Vettel celebrates after a second brilliant F1 win - and Red Bull's first
By Mark Hughes
BBC F1 commentary box producer
Sebastian Vettel's victory in the Chinese Grand Prix on Sunday was perhaps the final confirmation of a very special talent indeed, one that lifts him from the status of good to great.
In his short F1 career, the German has been presented with two opportunities to win a grand prix - and he has taken them both.
The 21-year-old's victory in Shanghai was, if anything, even more impressive than that at Monza last year and was built upon his stunning performance in Saturday qualifying when he took pole position, despite being limited to only one run in each of the three sessions.
That advantage just kept paying him back on Sunday as it ensured his Red Bull team-mate Mark Webber was always on the back foot in the race, despite showing very similar raw pace.
Vettel's weekend was all about control - over his circumstances and his team-mate.
Highlights - Chinese Grand Prix
After completing his first run in Saturday's first part of qualifying, the team saw that grease was leaking from one of his driveshafts, just as it had done on both cars in practice earlier that morning.
The driveshaft gaiters had been replaced on both cars after that but here was a reappearance of the problem on Vettel's RB5 at a critical moment.
There was no time now to replace it and the only alternative was to limit his running and hope this would be enough to limit the damage.
He would get only one attempt in each session, they decided, rather than the usual two. They would hold him back until near the end of the sessions, when the track was at its grippiest, and he would have to simply perform, without error, without preparation.
It was a hugely demanding task in that it would have been extremely easy to either under or over-commit and find himself outside the top 10 altogether.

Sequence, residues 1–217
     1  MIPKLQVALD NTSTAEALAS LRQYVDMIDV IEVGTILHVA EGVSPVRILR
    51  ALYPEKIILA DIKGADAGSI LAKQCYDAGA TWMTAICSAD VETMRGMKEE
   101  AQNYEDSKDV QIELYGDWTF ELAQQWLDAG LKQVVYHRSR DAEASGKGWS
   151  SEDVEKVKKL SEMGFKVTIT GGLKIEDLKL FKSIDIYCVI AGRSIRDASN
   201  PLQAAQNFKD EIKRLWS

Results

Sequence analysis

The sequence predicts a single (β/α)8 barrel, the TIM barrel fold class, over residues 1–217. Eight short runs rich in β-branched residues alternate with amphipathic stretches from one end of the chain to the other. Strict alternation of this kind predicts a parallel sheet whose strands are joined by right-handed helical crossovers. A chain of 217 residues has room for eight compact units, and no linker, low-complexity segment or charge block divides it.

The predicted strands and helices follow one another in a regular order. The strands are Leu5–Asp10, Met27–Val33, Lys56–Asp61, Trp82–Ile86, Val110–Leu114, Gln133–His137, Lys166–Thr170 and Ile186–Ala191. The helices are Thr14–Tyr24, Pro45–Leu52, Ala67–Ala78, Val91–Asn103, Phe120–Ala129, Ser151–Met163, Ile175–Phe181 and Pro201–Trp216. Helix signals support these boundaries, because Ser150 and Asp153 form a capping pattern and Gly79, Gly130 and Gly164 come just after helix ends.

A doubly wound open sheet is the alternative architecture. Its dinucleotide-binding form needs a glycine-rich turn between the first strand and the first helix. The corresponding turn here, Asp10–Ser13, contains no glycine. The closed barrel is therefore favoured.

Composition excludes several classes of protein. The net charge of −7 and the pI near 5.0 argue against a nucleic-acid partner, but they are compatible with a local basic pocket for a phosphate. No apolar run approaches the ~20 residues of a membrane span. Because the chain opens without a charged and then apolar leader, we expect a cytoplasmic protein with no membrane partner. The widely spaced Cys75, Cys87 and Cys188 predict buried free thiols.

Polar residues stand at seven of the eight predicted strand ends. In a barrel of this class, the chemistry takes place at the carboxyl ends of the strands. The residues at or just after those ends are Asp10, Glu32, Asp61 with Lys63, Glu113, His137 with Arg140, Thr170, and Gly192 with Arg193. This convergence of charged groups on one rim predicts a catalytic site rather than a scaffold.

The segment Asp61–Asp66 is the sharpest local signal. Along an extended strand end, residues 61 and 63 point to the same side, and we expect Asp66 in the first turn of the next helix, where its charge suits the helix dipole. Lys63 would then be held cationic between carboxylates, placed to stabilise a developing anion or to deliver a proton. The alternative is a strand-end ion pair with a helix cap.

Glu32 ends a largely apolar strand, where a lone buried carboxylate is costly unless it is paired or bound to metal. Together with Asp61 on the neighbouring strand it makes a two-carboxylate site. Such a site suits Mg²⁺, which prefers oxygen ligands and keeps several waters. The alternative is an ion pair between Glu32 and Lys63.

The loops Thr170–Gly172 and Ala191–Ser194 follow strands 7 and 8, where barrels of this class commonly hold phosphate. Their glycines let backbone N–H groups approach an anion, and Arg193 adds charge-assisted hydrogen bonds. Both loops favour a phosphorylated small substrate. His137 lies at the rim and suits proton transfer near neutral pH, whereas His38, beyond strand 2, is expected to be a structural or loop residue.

Vettel is displaying the focus and concentration of a great F1 driver
He calmly took to the track with only a few minutes of the second qualifying session remaining and eclipsed Webber's time by 0.04 seconds to be the fastest of the session.
Into the top-10 run-off, he repeated the feat to secure pole in the dying seconds. He was fuelled a lap lighter than Webber but his 0.282secs advantage more than accounted for the difference - and, as in Q2, Webber had the luxury of two attempts.
In the rain of race day the benefits of pole accumulated beyond just the obvious one of giving him a clear view of the track, while Webber fought to stay in touch through a blinding spray.
That in turn allowed Vettel to be more precise with the use of his throttle and brakes - and this was very significant, for it enabled him to use less fuel.
Originally fuelled to run a lap shorter than Webber, he was able to save enough to get himself on to the same scheduled stop lap as his team-mate.
Had he not done this, Webber would have been able to use his extra low-fuel lap while the refuelled Vettel was heavy, to attempt to leapfrog past at the stops.
With them both now on the same scheduled stop lap, priority was given to Vettel as the leader and Webber was brought in a lap early.
This in turn snowballed the advantages further in Vettel's favour.
Stopping later, combined with the small margin he had pulled out over his team-mate before the stops, ensured Vettel cleared Jenson Button after the Brawns stopped under the safety car. Webber did not quite manage to get ahead of Jenson Button.
So when the safety car came in, Vettel was able to sprint clear, while Webber was delayed for seven laps trying to find a way past the Brawn.
By the time Webber succeeded in this, Vettel was 10 seconds up the road and the matter had been sealed once and for all. Webber then further delayed himself with a mistake that briefly allowed Jenson past again.
So it was the new boy and not the veteran who won the team their first grand prix and Webber was left with what are sure to be mixed feelings.
In his seven-year F1 career Webber has been significantly faster than every team-mate he has had, a list that includes names such as Nico Rosberg and Nick Heidfeld.
Vettel feels 'phenomenal' after win
Vettel looks like being a far tougher nut to crack. The consensus going into the season was that if Webber gained the upper hand this time, then Vettel was obviously not as good as he had looked at Toro Rosso last year, flattered perhaps by a good chassis and a powerful engine.
If, on the other hand, Vettel outshone Webber, then it would be the end of Mark's claim as a top-line F1 driver, especially as he had yet to finish a race higher than third.
However, the standard of Vettel's performance in China was of a calibre very rarely seen.
The fact that Webber has been able to push him so hard, to demonstrate a raw pace that is on the same level of what is clearly an extraordinarily gifted driver, is more likely to enhance Webber's reputation than harm it.
Mark Hughes has been an F1 journalist for 10 years and is an award-winning author of several books